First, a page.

Many people who have psoriasis will experience the telltale sign of itchiness or burning. But for people with differing skin tones, that’s where the similarities may end.
The symptoms of psoriasis, a chronic inflammatory condition, can look different on people with differing skin tones. On lighter skin, plaque psoriasis can appear red; on darker skin, it can be purple or gray-ish.
Unfortunately, many people who’ve searched Doctor Google for psoriasis images on Black skin haven’t found very many answers — and, given this lack of representation, they can leave with possibly with more questions than they had before.
Here’s what you should know about psoriasis — including what it looks like, and why it can go underdiagnosed and undertreated in the Black community.
Psoriasis in the Black Skin: A Lack of Representation
The Internet is flooded with images of white people who have psoriasis, but there aren’t nearly as many pictures of Black people who have psoriasis. This often leads people to the conclusion that psoriasis mainly develops in people with lighter skin — which couldn’t be further from the truth.
In fact, about 1.9 percent of Black Americans have psoriasis, according to a study published in the March 2014 issue of the Journal of the American Academy of Dermatology. The same research found that 1.6 Hispanic Americans had psoriasis, and 3.6 percent of white Americans had psoriasis.
Despite these statistics, a whopping 93 percent of all main characters who were featured in TV commercials and advertisements about psoriasis, including treatments and products, over a two-week period in 2018 were white, according to a study published in September 2020 in the journal Cutis. Black and Asian main characters only represented about 6 percent and 1 percent. The findings of this study, conducted by Junko Takeshita, MD, PhD, and other researchers, are important because advertisements are a main source of health-related information for the public.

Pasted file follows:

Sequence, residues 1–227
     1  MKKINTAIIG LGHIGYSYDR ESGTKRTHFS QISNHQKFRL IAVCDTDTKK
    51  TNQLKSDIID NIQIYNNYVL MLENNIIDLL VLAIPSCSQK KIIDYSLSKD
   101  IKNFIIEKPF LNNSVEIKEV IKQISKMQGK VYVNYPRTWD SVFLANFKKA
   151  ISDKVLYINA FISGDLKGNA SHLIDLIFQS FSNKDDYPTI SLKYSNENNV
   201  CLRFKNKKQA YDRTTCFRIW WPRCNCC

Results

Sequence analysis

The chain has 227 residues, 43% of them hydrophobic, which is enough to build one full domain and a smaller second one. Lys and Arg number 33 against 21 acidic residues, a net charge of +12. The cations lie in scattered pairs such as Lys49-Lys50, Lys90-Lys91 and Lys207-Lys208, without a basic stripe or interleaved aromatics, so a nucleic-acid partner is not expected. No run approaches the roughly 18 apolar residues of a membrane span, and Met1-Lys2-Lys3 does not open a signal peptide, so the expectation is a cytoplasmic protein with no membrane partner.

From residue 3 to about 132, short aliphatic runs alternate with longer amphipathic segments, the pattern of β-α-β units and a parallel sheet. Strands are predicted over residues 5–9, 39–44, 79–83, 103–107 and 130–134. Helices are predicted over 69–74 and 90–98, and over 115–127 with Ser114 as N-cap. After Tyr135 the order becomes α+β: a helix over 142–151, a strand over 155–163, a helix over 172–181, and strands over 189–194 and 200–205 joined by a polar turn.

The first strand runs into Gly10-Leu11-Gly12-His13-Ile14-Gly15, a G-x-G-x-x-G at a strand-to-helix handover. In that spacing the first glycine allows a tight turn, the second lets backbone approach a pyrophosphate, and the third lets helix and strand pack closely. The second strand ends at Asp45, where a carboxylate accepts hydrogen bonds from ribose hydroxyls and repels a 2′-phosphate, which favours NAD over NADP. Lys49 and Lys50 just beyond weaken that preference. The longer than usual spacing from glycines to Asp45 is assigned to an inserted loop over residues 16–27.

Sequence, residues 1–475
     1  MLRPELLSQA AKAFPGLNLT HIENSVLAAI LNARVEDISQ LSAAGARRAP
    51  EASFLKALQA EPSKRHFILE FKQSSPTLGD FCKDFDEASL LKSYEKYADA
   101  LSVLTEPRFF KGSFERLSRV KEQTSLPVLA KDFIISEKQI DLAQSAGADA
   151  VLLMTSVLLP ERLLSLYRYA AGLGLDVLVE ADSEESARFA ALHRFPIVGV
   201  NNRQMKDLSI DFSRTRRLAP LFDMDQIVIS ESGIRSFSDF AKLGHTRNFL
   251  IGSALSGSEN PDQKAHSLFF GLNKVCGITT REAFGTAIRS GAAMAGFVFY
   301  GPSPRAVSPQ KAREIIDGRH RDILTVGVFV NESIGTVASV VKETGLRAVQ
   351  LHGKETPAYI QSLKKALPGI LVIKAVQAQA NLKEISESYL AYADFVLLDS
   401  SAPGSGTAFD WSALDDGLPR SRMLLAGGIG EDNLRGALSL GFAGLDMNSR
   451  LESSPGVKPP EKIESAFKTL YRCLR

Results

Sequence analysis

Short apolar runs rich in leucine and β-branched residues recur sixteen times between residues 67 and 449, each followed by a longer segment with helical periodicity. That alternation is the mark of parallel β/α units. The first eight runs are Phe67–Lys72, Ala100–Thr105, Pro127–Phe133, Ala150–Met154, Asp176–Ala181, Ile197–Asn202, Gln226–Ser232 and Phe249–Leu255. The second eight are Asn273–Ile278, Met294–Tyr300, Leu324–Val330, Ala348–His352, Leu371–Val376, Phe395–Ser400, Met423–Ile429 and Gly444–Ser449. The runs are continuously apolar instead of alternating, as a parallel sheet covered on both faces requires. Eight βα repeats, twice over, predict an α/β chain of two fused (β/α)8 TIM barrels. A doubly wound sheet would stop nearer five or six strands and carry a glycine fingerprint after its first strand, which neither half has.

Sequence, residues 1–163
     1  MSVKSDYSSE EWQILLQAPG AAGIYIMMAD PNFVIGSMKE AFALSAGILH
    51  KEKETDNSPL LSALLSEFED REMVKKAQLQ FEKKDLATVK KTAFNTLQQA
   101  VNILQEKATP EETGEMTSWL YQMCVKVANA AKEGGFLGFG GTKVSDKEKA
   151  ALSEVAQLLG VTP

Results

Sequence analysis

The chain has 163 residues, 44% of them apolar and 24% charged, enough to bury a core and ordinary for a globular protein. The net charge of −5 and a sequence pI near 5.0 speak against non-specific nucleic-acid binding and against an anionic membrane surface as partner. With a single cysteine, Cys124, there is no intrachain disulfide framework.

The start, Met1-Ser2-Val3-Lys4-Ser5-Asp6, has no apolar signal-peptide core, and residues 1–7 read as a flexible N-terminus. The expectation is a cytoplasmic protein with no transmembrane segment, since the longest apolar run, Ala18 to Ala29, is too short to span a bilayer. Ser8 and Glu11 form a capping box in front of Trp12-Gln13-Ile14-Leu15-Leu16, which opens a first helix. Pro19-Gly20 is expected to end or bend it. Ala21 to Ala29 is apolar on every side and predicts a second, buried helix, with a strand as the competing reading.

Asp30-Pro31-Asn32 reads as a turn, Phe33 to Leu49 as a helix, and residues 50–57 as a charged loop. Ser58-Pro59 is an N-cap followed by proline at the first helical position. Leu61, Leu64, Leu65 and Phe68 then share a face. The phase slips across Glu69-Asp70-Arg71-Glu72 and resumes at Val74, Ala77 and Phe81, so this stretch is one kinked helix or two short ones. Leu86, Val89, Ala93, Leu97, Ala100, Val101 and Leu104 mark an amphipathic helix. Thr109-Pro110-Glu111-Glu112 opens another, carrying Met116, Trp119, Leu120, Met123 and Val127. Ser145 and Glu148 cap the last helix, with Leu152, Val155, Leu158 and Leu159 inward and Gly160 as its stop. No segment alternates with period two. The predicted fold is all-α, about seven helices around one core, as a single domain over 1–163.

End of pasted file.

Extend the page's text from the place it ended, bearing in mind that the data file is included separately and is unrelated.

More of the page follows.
Ultimately, Black people who have psoriasis are less likely to see themselves represented in ads for psoriasis treatments, concluded the study authors — which may deter them from seeking treatment or suspect that those treatments aren’t an option for them. This is something that Corey L. Hartman, MD, a board-certified dermatologist and the founder of Skin Wellness Dermatology, has seen firsthand. Many Black patients are either shocked to learn they have the condition or reluctant to believe certain treatments will be effective for them, says Dr. Hartman.
How Psoriasis Appears on Darker Skin
Although the lesions on all skin types can be painful, itchy, and filled with pus, Hartman points out that psoriasis on white skin usually appears as thick plaques with a silver scale and are most commonly found on the arms, chest, legs, and shoulders.
This isn’t necessarily the case for Black patients or individuals with darker pigmented skin, however. People with more melanin in their skin may develop psoriasis lesions that appear violet, dark brown, or gray. “Since psoriasis looks different on Black skin — and there’s not enough education about what this looks like — it’s often misdiagnosed,” says Hartman.